Improving the Detection of Pyridoxal Phosphate in Biological Fluids
Challenge: Diteba was contracted to develop and validate a specific quantitative analytical method capable of simultaneously detecting and quantifying all three analytes (vitamers) in different biological fluids and support a clinical study as well as for toxicological studies on small animal models. It should be noted that previously made attempts by a reputable US-based contract research organization to develop a suitable method for quantification of PLP, PL and 4-PA by Liquid Chromatographic Tandem Mass Spectrometry (LC/MS/MS) technique had failed due to the complexity of the project. All three analytes appear at high endogenous levels in biological fluids which in turn complicates the analytical procedure.
Solution: PLP is the primary biologically active form of vitamin B6, serving as a coenzyme in numerous bio-processes and also acts as a coenzyme in the catabolism of homocysteine to cystathionine (β-synthase) and ultimately cysteine. As a result, vitamin B6 plays a role in lowering homocysteine levels and its associated risk with atherosclerosis and coronary heart disease. Low PLP status may be associated with an increased risk of stroke and transient ischemic attack.
Historically, several analytical methodologies such as fluorometric, enzymatic and microbiological have been used for determining PLP and other B6 vitamers, but the use of High Performance Liquid Chromatography (HPLC) technology has been the most successful in determining vitamin B6 in its multiple forms in plasma and serum. Fluorescence detection has been used almost exclusively in HPLC determinations of vitamin B6 due to its selectivity and high sensitivity. Although most forms of vitamin B6 and its metabolites fluoresce adequately for HPLC/Ultra Performance Liquid Chromatography (UPLC) analysis, the natural fluorescence of PLP is low. This has led to the development of several chemical derivatization methods aimed at improving PLP fluorescence detection. Examples include semicarbazone formation, bisulfite adduct formation and catalyzed oxidation by using cyanide. The targeted method sensitivity was 0.5ng/ml but natural fluorescence detection can only achieve 20ng/mL. Diteba was able to achieve a 100 times improvement in sensitivity and obtained 0.2 ng/mL sensitivity.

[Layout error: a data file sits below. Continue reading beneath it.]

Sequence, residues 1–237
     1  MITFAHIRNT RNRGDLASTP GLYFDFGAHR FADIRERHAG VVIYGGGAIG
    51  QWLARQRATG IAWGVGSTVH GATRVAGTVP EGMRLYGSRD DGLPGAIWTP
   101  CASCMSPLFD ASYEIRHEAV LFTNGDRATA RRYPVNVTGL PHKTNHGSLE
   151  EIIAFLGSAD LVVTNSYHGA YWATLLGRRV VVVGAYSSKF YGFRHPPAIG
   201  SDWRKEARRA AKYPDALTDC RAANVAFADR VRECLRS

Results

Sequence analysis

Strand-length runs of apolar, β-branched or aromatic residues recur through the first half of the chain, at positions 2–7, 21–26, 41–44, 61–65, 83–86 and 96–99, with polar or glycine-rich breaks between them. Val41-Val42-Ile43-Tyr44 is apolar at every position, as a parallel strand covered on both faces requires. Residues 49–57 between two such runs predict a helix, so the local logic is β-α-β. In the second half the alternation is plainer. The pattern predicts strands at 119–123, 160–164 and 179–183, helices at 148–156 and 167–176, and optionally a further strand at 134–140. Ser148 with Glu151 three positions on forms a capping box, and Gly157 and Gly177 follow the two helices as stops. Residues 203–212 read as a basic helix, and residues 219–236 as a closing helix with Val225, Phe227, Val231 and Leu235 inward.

A post column chlorite oxidation mechanism is the notable exception among these derivatization methods. This approach not only avoids the toxicity potential of the oxidation procedure but also allows the separation of the B6 vitamers on the basis of their primary chemical structures. A successful selection of a suitable internal standard and sample extraction method that minimizes calculation error for the analytes was implemented. Another challenging obstacle of this project was the high endogenous level of analytes presented in all patients' and animals' bio samples.
In the past, most HPLC methodologies developed for determining vitamin B6 in biological matrices were reversed-phase systems that used octadecylisilyl C18 stationary phases and buffered phosphate mobile phases. A similar approach was used to develop the current method. Chlorite post-column derivatization increases the fluorescence of PLP by converting the molecule from an aldehyde to a carboxylic acid by way of oxidation. Conditions for achieving this were adapted by Diteba from those general procedures described in publications for the aldehyde class of compounds. The use of carboxylic acid provided stronger fluorescence than an aldehyde.
A notable exception was the introduction by Diteba of a new post column derivatization method by using chlorite. The oxidation of PLP to a more fluorescent 4-pyridoxic acid 5-phosphate was prepared by using 10% solution of sodium chlorite instead of the more commonly used cyanide anions. This approach not only avoided the toxicity potential of the cyanide-catalyzed oxidation procedure but also allows for the separation of the B6 vitamers (PL, PE, PLP, 4-PA) on the basis of their primary chemical structures.
The relatively high fluorescence intensity of the derivatized analytes resulted in low limits of detection, ~100 times than that typically found in existing methods. This high sensitivity, combined with excellent within-run repeatability, good run-to-run reproducibility, and high sample throughput, ensures the developed method is ideal for routine clinical and toxicological determination of PLP, PL and 4-PA in large studies.
Result: The method was validated for human and cross-validated for various animals' species in plasma/serum matrices.
This is the first-time an endogenous background subtraction method has been successfully employed during the generation of standard calibration curve and the calculation of quality control samples. The validated method developed by Diteba was successfully implemented for processing a variety of clinical and toxicology study samples.